Part Two – Want More From Life? ASK For It!

After reading the Want more from life? ASK for it! post, Monique wrote me and asked, “Craig, you said to control the factors that influence results, like body language, facial expressions, etc. Will you be more specific?”

An important influence on getting what you ask for is your expectation of the recipient’s response. Dr. Milton Erikson’s Law of Expectations states “85% of what you expect to happen…will” because in certain ways you cause them to happen.

Let’s visualize how expectations affect how we ask. Think about a time when you asked a friend to go somewhere with you. Close your eyes and picture yourself asking, expecting a yes AND no response.

What did you see? When you expected them to say no, you assumed one of two postures:

  • aggressive – feeling you had to overpower them into saying yes
  • submissive – feeling you didn’t have a strong enough case to seriously consider

Both postures undermine your desire to have your request approved.

If you saw yourself as aggressive, you probably pictured yourself ready for a battle, or ready to defend your request, with your:

  • Body tense, leaning in, with shoulders forward
  • Hands held tight or fists clenched
  • Facial muscles tensed
  • Eyes glaring or staring intensely
  • Voice strained or forced
  • Volume moderate to loud, with strong emphasis on certain words

If you saw yourself as submissive, expecting rejection, you probably pictured your:

  • Shoulders slouched or hunched, and head lowered
  • Hands fidgeting, with restless arms
  • Facial expression sad, hands covering your mouth or hiding behind your hair
  • Eyes downward, avoiding eye contact
  • Voice faint and hard to hear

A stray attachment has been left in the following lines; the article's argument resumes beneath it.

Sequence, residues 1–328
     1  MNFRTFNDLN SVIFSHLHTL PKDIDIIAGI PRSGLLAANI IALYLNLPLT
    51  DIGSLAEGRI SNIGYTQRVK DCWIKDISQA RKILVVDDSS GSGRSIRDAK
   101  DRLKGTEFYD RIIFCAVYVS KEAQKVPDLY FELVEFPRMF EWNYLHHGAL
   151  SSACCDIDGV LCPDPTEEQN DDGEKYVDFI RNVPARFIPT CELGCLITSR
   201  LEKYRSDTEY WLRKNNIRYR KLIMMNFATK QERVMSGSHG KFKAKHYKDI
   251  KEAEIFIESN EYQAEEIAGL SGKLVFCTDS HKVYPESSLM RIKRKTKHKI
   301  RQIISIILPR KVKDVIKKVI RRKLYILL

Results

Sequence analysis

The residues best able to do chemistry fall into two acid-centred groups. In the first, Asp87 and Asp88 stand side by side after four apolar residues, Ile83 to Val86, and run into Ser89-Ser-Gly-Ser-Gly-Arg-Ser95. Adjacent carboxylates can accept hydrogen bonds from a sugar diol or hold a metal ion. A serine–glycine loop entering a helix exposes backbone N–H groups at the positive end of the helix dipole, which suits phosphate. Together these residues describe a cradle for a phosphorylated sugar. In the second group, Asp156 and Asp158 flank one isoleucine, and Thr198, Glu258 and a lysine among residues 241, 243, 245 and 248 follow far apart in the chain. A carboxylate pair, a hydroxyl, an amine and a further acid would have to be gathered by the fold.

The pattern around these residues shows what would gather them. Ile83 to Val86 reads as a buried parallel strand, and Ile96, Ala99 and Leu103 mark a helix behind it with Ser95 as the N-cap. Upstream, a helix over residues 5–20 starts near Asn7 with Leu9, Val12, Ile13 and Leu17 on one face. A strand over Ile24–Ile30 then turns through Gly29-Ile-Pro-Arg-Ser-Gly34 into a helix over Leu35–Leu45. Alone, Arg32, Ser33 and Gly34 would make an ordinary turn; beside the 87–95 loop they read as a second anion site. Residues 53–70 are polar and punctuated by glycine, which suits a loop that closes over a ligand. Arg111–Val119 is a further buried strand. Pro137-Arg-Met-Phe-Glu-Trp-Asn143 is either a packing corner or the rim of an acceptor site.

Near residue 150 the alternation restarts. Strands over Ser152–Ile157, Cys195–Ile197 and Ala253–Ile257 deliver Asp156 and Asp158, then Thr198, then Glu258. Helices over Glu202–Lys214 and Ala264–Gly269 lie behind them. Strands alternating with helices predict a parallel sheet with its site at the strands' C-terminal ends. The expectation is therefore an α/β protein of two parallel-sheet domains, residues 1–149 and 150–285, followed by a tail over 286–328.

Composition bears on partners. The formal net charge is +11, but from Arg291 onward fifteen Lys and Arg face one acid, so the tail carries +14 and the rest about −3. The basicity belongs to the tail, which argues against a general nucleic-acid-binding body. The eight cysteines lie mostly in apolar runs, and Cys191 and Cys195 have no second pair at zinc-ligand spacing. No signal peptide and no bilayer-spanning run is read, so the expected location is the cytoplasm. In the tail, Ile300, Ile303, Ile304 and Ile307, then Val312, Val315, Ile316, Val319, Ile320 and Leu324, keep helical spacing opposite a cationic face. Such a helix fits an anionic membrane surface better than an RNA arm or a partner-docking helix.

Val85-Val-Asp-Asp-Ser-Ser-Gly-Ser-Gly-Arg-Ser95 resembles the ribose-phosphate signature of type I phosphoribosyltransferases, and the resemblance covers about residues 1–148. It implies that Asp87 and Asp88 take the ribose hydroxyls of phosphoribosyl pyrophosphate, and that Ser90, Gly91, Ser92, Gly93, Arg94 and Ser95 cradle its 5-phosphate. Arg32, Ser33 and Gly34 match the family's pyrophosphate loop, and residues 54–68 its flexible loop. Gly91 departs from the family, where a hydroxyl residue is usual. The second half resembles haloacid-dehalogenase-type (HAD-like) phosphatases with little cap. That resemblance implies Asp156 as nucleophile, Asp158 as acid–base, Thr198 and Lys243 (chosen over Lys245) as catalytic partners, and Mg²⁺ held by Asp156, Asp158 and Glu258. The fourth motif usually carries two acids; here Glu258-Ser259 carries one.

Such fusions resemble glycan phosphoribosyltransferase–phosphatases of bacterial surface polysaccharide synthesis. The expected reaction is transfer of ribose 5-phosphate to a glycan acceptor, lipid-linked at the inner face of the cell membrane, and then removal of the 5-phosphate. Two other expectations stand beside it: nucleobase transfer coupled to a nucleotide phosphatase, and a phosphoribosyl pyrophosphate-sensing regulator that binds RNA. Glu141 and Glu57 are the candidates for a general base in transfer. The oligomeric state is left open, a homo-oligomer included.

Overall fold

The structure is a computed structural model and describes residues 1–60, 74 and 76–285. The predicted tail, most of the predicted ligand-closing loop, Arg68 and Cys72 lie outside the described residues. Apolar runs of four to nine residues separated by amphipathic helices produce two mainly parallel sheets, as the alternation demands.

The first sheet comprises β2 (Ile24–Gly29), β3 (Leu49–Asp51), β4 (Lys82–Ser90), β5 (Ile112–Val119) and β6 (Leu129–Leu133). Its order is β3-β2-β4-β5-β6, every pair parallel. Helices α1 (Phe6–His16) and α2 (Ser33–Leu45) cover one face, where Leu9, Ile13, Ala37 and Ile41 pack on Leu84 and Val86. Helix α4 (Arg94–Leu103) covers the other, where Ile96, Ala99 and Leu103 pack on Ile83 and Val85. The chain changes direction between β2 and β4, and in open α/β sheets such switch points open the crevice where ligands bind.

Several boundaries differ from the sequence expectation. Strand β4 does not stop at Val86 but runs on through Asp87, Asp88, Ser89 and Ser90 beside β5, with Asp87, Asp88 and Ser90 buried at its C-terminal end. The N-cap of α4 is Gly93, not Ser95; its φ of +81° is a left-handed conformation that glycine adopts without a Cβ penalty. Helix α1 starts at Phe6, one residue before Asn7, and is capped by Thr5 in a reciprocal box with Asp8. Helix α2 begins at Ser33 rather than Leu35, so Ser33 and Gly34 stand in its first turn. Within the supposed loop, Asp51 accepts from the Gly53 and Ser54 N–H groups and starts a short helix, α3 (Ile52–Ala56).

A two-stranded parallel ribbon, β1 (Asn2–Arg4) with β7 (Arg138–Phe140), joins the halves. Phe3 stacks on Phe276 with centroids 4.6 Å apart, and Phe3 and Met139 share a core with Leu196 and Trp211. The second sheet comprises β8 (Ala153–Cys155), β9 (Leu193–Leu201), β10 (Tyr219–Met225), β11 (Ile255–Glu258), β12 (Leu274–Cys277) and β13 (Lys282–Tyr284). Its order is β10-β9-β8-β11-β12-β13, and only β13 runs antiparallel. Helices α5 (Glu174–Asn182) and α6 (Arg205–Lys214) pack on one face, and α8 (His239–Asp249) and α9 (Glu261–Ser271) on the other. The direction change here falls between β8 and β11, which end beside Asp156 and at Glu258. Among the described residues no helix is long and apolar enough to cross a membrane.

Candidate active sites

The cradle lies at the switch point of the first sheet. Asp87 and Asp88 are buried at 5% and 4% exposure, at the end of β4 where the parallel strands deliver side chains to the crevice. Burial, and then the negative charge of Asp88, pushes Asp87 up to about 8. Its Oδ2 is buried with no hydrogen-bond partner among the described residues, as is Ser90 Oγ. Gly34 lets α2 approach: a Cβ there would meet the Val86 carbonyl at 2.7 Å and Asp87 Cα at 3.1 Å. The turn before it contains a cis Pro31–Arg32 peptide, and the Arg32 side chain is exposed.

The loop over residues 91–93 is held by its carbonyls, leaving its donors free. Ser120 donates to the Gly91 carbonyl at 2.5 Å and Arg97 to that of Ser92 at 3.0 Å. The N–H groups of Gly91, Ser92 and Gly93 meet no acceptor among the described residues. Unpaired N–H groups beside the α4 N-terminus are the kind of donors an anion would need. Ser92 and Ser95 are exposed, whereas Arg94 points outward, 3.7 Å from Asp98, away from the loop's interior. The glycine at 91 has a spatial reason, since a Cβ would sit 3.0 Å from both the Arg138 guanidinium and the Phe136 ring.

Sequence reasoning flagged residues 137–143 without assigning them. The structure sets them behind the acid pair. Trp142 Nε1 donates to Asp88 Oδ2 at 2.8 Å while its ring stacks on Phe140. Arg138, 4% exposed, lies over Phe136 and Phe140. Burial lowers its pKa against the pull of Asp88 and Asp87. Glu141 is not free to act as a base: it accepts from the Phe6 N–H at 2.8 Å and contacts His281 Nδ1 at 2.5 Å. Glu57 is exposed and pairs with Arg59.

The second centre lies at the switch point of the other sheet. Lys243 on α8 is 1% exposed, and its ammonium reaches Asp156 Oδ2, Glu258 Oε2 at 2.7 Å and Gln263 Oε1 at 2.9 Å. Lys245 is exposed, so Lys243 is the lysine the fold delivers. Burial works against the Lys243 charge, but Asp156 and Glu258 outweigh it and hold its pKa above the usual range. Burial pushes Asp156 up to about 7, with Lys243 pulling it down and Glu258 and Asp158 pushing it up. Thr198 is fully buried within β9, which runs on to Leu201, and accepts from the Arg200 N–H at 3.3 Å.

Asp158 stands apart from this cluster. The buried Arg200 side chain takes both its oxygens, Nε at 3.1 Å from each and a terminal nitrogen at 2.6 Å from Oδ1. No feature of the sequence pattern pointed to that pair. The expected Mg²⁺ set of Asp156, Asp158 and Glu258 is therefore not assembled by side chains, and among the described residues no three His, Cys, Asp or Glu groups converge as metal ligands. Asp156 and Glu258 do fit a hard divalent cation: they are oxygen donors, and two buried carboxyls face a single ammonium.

• Speech staggered and hesitant, with an indirect, wandering message

When you expected them to say yes, you probably pictured your:

  • Posture upright and firm, head held high, chin out, eyes up, comfortable yet strong
  • Palms open, body movements natural, not forced
  • Pleasant facial expression, relaxed, yet attentive,
  • Confident eye contact- look directly at them without being intimidating
  • Voice inflections matched the message, with a moderate volume and direct message

There are several ways to expect a positive response.

  • Remember a time when you asked for something that was granted, and emulate how you asked in that situation.
  • Visualize the person saying yes before you ask.
  • Position your body correctly, because it is hard to speak submissively or aggressively when your head is up, your chin is out, your shoulders are back and you are standing or sitting upright.

Choose the approach that works best for you and make sure your request is reasonable and the delivery is direct. Avoid submissive phrases like:

  • If it fits your schedule, or it’s not too much trouble
  • If I’m not putting you out too much, or it’s not too much to ask
  • I don’t mean to trouble you or bother you
  • I’m sorry to ask you this

Follow these guidelines, stay persistent and patient with yourself as you design your new asking style, and let me know how it goes.

That’s my perspective, what’s yours? Leave us a comment or question below this post, and thanks for reading!

P.S. Next Week: Is Thanksgiving more about Thanks or Giving?

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